Chafee's decision also means that Steward Health Care System is likely to complete its acquisition of Landmark Medical Center, a 133-bed hospital in Woonsocket, R.I., that entered receivership in 2008.
Steward, which operates in 10 hospitals in Massachusetts, amended its purchase agreement this year to allow the system to call off the deal if the law isn't changed. Lawmakers had first introduced the bill in January. The House and Senate passed it last week.
“I am committed to maintaining reasonable oversight and monitoring provisions for hospital acquisitions by for-profit companies,” Chafee said in a June 11 letter expressing his concerns about the bill. “Our current hospital system is fragile and strong regulatory oversight is necessary to judge the impact of major changes and support the strength and vitality of Rhode Island's existing hospitals.”
The spokeswoman said Chafee plans to introduce legislation that would address his concerns about the bill's judicial review provision. She also said that he expects to use the regulatory process to revise the legislation to include a waiting period that reviews conditions of previous approvals.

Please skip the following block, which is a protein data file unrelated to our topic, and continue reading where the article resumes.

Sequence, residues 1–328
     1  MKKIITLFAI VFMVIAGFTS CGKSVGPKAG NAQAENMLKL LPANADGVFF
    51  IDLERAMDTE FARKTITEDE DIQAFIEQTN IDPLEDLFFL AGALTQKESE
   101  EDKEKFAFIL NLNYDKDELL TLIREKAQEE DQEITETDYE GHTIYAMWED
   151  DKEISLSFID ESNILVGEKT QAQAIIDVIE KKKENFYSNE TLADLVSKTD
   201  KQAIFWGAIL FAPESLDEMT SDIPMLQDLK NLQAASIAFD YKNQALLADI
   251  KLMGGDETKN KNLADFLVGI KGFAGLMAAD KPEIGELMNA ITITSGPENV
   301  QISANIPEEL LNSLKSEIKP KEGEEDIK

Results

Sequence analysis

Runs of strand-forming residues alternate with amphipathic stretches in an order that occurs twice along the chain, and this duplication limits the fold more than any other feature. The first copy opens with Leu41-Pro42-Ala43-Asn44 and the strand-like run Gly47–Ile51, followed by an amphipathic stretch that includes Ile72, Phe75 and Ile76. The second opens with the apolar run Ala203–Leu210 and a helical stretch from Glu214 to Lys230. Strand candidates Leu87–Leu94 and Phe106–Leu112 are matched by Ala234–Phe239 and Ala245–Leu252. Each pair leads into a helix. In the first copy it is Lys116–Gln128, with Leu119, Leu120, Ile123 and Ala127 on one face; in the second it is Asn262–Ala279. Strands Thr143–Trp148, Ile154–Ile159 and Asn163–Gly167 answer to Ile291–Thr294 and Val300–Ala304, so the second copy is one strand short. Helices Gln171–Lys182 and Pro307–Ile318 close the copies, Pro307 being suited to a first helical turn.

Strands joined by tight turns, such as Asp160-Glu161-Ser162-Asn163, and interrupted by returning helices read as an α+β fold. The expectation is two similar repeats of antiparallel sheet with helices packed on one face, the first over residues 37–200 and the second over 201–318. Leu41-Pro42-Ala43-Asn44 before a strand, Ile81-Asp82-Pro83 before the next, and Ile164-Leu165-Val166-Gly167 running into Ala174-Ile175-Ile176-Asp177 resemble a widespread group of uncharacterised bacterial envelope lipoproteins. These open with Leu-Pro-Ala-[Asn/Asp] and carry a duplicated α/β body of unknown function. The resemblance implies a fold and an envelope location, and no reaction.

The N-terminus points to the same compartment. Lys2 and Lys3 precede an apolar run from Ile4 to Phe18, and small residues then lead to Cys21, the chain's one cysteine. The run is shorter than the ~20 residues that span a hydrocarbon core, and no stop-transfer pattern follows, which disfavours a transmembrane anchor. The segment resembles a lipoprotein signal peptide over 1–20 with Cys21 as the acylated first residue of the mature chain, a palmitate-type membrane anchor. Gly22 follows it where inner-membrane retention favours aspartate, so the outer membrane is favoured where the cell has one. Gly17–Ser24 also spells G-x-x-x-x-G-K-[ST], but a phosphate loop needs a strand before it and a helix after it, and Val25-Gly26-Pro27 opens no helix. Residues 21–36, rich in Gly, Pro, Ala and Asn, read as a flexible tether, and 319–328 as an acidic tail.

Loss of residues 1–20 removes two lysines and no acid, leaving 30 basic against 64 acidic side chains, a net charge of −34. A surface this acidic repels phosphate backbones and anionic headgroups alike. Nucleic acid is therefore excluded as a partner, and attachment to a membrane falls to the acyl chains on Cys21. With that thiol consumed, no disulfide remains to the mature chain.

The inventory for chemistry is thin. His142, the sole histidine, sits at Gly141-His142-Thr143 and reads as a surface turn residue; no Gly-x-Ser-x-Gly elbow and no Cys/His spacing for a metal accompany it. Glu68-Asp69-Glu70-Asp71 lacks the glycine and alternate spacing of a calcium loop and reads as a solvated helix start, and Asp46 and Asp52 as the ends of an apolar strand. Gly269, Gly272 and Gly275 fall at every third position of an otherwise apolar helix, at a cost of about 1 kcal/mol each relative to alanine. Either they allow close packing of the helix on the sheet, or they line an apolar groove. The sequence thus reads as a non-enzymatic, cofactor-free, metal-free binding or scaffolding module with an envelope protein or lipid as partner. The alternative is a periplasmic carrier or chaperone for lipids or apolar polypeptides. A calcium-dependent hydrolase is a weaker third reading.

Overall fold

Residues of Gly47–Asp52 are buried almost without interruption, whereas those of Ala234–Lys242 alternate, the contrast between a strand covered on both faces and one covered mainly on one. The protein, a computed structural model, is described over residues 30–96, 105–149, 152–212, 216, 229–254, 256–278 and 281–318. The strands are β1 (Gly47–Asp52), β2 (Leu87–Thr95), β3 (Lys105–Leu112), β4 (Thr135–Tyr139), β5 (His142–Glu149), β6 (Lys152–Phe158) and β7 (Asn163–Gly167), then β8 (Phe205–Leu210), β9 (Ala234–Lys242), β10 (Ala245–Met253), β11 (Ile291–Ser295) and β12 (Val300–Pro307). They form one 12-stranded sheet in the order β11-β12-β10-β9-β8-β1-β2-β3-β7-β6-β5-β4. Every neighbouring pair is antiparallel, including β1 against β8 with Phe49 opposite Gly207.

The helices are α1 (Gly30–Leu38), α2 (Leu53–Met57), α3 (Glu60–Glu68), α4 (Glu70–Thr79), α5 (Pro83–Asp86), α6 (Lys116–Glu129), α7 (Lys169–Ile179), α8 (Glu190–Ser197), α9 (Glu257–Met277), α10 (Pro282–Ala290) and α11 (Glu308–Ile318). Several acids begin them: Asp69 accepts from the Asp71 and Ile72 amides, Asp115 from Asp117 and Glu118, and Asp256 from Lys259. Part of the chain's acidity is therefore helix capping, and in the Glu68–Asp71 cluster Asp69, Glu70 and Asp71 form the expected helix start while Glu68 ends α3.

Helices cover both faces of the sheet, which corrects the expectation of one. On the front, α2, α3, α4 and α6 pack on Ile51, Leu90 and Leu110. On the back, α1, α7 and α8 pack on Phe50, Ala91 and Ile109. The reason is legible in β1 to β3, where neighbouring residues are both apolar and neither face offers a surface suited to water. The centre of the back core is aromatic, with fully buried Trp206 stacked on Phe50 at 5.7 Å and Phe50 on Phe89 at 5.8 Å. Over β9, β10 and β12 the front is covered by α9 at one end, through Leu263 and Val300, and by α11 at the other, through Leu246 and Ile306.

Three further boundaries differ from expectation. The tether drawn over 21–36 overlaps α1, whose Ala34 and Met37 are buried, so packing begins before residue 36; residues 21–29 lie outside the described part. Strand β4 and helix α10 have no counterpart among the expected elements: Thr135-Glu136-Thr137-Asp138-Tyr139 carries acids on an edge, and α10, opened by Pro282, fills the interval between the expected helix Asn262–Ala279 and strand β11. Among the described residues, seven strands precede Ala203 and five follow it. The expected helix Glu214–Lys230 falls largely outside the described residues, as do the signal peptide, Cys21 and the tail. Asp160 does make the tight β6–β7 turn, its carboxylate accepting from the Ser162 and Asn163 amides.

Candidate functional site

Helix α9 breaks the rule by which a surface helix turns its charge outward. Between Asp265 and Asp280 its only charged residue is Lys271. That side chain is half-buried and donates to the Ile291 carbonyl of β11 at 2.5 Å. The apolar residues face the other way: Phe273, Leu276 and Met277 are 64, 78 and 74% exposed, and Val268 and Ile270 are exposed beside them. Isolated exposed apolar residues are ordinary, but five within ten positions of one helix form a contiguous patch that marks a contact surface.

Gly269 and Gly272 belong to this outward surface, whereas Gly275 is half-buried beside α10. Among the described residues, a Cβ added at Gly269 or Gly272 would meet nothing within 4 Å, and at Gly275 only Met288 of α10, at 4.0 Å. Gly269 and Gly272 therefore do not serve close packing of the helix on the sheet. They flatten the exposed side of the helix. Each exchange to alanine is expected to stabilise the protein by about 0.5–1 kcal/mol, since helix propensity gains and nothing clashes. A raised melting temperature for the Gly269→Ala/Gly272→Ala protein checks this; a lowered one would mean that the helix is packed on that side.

“He's not a big believer in laws for individual companies, deals or situations,” the spokeswoman said. “This applies to the entire healthcare system.”
Boston-based Steward announced plans last year to acquire Landmark. Since then, Rhode Island state agencies have conducted lengthy reviews, requiring Steward to submit 15,000 pages of information in its application.
Both the health department and the attorney general set multiple conditions to their approvals, such as limiting Steward executives to no more than four of the seven or 11 hospital board positions and preventing Steward from selling the hospital for five years.
Steward has hinted to state officials that it may bring its accountable care organization model to Rhode Island—the system is one of 32 participants in the CMS' Pioneer ACO model—but the health department decision noted that the system's application lacked a “firm commitment” to preserving the hospital, bringing the ACO model to Rhode Island, and maintaining healthcare jobs in Woonsocket.
“Requiring those commitments in this decision, however, might have jeopardized the immediate future of Landmark and might have put the immediate economic survival of Woonsocket in jeopardy,” wrote Dr. Michael Fine, Rhode Island's director of health.